By Andrew Hammond
MANAMA (Reuters) - Bahrain lifted martial law on Wednesday in what the government hopes will be a sign to tourists and business of a return to normal, but the opposition fears repression will continue in the Gulf island kingdom.
Bahrain is especially keen to get back the Formula One race. The March Grand Prix opener was canceled because of unrest that erupted in February when pro-democracy protesters, inspired by uprisings in Egypt and Tunisia, clashed with police.
A meeting of the sport's governing body Friday could reinstate the race for later this year, but U.S.-based Human Rights Watch has said a heavy crackdown on opposition activists during 11 weeks of martial law should count in the decision.
The dusty streets of the capital, Manama, were calm on Wednesday, but in outlying Shi'ite villages there was a heavy anti-riot police presence, according to online activists. Police were checking cars around the capital and villages.
"With the end of the emergency situation, the security should not be here but they still are," said Ali Zirazdi, a 30 year-old unemployed man, who said police had fired tear gas after a few hundred people gathered in the Shi'ite village of Diraz.
King Hamad bin Isa al-Khalifa, whose Sunni Muslim family rules over a majority Shi'ite population, offered a dialogue on reform in a speech Tuesday.
"I hope the opposition joins the dialogue," said writer Taher Mohammed, 26. "I'm totally against any call for protests. It would affect all Bahrainis and it could get out of control and lead to direct clashes."
Al Jazeera television later quoted witnesses as saying police opened fire and used tear gas to disperse protesters, arresting several. It said dozens were hurt.
The Interior Ministry later denied troops had opened fire on demonstrators, the state news agency BNA reported.
Bahraini activists reported on social media that at least one person was wounded by birdshots during a protest.
The reports could not be independently verified, but reporters said empty tear gas canisters could still be seen strewn around hours later.
While the king spoke, military prosecutors summoned four members of the main opposition party Wefaq, including its leader, and rights activist Nabeel Rajab, for questioning. They were released after several hours, acquaintances said.
"The end of the national security law and announcement of dialogue are both positive. It will be a shame if anyone is negative about it," said Jamal Fakhro, a Sunni lawmaker.
"Bahrain will welcome Formula One, and any other event. There's nothing wrong with that because life is back to normal now and it will be excellent to have it back."
On a wall filled with anti-government graffiti in Diraz were the words: "If you really claim you want dialogue you have to open up the streets," and "Down with the ruling gang!"
"LOYALTY TO THE MARTYRS' BLOOD"
Bahrain, located between non-Arab Shi'ite Muslim Iran and U.S.-allied Sunni dynasties of the energy-producing Gulf Arab region, hosts the U.S. Fifth Fleet headquarters. Bahrain says Iran orchestrated the protests through links to Shi'ite groups.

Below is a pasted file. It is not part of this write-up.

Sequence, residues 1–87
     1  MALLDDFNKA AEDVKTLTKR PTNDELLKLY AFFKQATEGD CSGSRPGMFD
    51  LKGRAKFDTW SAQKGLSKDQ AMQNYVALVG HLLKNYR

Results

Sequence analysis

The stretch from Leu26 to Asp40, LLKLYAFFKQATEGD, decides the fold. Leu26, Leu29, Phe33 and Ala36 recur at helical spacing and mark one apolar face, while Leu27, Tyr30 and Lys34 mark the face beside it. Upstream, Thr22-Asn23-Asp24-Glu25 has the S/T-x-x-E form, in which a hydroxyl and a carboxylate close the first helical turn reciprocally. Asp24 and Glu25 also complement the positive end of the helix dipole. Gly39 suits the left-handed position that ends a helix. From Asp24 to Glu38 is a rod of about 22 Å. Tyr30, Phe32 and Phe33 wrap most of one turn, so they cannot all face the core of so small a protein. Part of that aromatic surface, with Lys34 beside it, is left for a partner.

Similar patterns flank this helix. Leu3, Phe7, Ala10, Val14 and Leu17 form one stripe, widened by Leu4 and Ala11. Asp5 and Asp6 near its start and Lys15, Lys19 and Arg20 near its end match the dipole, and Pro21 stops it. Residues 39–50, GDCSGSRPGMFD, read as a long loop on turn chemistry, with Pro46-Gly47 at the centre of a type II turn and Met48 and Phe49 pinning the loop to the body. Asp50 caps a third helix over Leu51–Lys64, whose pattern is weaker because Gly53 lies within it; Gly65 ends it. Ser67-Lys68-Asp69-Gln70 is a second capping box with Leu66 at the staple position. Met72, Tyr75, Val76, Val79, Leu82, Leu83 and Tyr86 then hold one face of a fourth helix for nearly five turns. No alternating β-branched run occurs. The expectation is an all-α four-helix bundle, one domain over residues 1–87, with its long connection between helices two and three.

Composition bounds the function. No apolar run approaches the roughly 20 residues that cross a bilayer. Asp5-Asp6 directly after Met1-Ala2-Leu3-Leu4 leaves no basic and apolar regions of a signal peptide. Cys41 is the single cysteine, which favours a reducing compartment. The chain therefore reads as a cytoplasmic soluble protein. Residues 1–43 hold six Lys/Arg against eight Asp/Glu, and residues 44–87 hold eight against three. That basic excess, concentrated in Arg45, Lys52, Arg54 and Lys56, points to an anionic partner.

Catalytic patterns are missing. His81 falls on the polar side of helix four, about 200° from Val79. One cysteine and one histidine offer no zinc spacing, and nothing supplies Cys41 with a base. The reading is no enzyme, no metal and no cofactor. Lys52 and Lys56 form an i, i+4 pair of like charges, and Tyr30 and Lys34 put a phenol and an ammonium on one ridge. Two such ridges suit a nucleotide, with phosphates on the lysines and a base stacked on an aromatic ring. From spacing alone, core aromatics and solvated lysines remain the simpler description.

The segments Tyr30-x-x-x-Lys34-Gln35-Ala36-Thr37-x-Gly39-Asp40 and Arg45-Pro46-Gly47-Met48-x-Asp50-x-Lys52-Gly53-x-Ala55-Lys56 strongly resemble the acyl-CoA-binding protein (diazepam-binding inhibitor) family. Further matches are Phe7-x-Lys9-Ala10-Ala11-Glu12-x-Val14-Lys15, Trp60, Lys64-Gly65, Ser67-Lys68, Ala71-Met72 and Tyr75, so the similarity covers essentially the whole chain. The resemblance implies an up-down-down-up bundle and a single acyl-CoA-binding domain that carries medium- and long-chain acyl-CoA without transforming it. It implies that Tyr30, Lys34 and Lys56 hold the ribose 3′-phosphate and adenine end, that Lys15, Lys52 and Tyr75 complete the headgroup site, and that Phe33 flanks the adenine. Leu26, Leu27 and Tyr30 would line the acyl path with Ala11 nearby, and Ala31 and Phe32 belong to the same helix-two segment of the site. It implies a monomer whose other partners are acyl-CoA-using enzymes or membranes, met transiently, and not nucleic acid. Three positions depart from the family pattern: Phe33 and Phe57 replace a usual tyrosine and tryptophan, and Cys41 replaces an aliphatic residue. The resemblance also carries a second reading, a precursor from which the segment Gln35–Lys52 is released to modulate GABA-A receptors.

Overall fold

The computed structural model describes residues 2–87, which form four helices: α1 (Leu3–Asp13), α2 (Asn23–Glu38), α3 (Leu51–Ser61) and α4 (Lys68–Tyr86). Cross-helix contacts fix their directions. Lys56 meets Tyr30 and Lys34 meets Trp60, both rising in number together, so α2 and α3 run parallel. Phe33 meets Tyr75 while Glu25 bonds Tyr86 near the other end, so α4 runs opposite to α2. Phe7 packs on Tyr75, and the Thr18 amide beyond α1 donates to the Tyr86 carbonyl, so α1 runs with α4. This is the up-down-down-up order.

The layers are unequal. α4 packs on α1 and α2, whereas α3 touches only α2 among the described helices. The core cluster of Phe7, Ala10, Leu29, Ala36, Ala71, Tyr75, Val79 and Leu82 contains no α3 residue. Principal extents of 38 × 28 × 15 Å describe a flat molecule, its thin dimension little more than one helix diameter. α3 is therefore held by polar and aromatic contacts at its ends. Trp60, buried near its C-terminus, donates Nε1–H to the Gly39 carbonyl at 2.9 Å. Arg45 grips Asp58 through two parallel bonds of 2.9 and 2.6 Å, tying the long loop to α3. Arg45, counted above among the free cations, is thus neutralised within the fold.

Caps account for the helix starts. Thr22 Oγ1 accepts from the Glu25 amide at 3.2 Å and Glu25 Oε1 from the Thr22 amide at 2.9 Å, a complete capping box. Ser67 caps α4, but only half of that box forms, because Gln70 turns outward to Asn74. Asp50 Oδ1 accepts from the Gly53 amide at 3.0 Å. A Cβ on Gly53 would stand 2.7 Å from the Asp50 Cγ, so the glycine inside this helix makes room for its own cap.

Shi'ites, who make up 60 percent of Bahrain's 1 million citizens, have long complained of discrimination, lack of jobs, and representation.
U.S. President Barack Obama criticized the Bahraini crackdown in a speech this month, saying the government should begin dialogue with peaceful opposition leaders.
Activists called online for marches in Shi'ite villages and in Manama later Wednesday. Appealing to "loyalty to the martyrs' blood," one urged a return to Pearl Roundabout, where protesters camped out for over a month.
Syria lifted a decades-old emergency law to meet a demand of protesters, but that has not calmed unrest there.
With Bahrain's state of emergency over, military prosecutors can no longer call in civilians but military courts will still hear several cases started since martial law began on March 15.
Twenty-one opposition figures -- seven of whom are abroad -- are on military trial on charges of seeking to overthrow the system. Most of them are from parties that called for a republic. Rights activists say they have been tortured.
Future verdicts could lead to protests.
Sunni Islamist groups are calling for death penalties and no royal amnesty.
"No pardon for the leaders of strife, the sick elements must be uprooted" a large sign says outside the offices of Asala, one of the groups, with an image of a noose.
CAMPAIGN OF DETENTION
Since calling in Saudi and United Arab Emirates forces to help quash the protest movement, the authorities have also unleashed a campaign of detention and dismissals affecting thousands who took part, most of them Shi'ites.
Dozens of Shi'ite places of worship have also been demolished and four people have died in custody.
Rights activists say it is not clear how many remain in detention. Dozens of doctors and nurses have been arrested and health services have been purged of Shi'ite managers.
State media say medics stored weapons at Pearl Roundabout and a nearby hospital. Doctors who have been released deny this, saying they were forced to sign and record confessions.
"I expect to see a lot of gloss before the summer kicks in. There will be some reform on the surface but a hardline approach," a diplomat said. "There will be less checkpoints but you won't be able to go into the Shi'ite villages easily."
Tanks and other military vehicles were gone from outside government ministries and the financial district, but a number of small armored patrol vehicles of the Interior Ministry-run National Guard were stationed around Pearl Roundabout.
The government has renamed the roundabout the Farouq Junction, a reference to an early Islamic leader who Shi'ites consider was against their cause.
Pro-government newspapers said Wednesday that security checkpoints would be maintained permanently at some locations.
(Editing by Reed Stevenson and Elizabeth Fullerton)